RSPB Chief Executive Warns The UK Is On The Brink
Michael Clarke, the RSPB chief executive is warning that there are less than 12 months with which to rescue the UK’s degraded environment and save the country’s endangered birds and animals. Mr Clarke says that the parliamentary bills that are scheduled to be published over the course of the year will need to force crucial changes to the way farms and fisheries are run in the country if the flora and fauna of the nation are to be rescued. He adds that the country is on the brink and if the UK fails to decisively act now, the nation will pay the price in the years that follow.
There are three bills set to be introduced that will govern agriculture fisheries and the environment which will serve as replacements for existing EU regulations. So far, the government has not disclosed the contents of these bills however conservationists are worried that there is a real risk that the new legislation will not provide the necessary powers to restore the UK’s crisis-hit environment. According to Mr Clarke, since 1980, 420 million individual birds have disappeared as a result of modern agricultural practices. Whilst that is a staggering number, the decline in insect life over the same time frame has been even more catastrophic.
Common Agricultural Policy
The main reason behind the declines is proliferation and intensification of agriculture and changes in land use. The Common Agricultural Policy of the EU has been perhaps the most destructive. The CAP emphasises the importance of agricultural output above all else and if what Mr Clarke says is correct this has resulted in the destruction of homes and food sources of an immeasurable number of birds, animals and insects.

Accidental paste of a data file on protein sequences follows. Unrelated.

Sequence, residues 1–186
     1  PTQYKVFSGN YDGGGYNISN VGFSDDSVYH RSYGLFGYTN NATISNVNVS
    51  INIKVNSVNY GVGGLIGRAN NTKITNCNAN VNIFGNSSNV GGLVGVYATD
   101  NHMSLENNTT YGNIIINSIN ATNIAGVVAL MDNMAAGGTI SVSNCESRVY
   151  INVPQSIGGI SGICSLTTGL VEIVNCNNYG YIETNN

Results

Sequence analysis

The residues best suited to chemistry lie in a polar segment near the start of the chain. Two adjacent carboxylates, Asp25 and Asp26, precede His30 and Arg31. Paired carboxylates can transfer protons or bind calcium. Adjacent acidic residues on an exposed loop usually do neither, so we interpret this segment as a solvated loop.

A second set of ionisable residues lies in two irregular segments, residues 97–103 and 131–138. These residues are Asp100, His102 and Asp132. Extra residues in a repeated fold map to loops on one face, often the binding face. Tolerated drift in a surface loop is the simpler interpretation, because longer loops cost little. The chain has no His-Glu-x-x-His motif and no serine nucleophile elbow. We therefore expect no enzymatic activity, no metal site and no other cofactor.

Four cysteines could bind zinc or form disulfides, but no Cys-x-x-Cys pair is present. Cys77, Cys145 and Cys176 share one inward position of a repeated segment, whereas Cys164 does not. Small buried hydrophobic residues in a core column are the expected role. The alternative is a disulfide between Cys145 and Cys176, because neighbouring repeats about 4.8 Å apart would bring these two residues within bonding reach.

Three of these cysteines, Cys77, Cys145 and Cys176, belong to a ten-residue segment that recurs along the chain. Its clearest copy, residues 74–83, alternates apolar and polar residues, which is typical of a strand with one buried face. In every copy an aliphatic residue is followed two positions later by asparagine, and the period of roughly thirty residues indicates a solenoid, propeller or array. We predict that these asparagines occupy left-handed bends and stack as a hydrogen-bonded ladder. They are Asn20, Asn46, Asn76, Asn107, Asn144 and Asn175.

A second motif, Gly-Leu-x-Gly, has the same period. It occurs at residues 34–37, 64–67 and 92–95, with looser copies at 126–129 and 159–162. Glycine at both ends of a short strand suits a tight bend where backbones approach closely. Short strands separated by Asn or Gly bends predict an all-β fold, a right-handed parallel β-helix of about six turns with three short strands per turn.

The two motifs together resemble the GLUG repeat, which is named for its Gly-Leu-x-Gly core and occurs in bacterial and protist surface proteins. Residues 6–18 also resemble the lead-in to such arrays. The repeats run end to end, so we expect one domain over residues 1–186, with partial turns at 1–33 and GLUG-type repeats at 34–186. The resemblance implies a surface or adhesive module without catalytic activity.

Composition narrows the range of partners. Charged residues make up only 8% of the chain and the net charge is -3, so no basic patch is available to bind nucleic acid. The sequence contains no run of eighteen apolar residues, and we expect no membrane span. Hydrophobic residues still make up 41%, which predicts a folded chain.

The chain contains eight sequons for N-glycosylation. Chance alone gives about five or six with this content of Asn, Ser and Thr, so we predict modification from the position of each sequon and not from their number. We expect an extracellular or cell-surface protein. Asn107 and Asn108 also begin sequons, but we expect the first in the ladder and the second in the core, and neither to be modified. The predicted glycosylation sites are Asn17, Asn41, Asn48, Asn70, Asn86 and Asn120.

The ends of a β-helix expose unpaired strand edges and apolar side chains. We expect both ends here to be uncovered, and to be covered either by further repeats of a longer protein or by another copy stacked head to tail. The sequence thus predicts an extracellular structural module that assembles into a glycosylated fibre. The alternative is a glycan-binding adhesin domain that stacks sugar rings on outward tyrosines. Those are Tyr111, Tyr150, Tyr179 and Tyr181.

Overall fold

Once in a generation opportunity
Brexit presents a once-in-a-generation opportunity to correct the damage. Currently about £3 billion a year is spent on agriculture in the UK as a result of the CAP. The money is used to boost output at great cost to the surrounding countryside. The new legislation needs to ensure that some money is provided for the maintenance of the environment and if it fails to do so, the consequences will be appalling, wiping out dozens of critically endangered bird species in the country. Mr Clarke says the UK is one of the world’s most depleted countries when it comes to biodiversity ranking 29th worst out of 218.
The last chance to make things right
Mr Clarke concludes by saying the new legislation could well be the last opportunity to end the degradation and correct the course of the country. The UK needs to establish strong targets for improving the quality of water, air and soil in the country. The bills should ensure there is a watchdog that enforces the standards and protects UK wildlife and fisheries. It is by no means clear whether the legislation will do all of that but Mr Clarke warns that if it doesn’t, there will be trouble.
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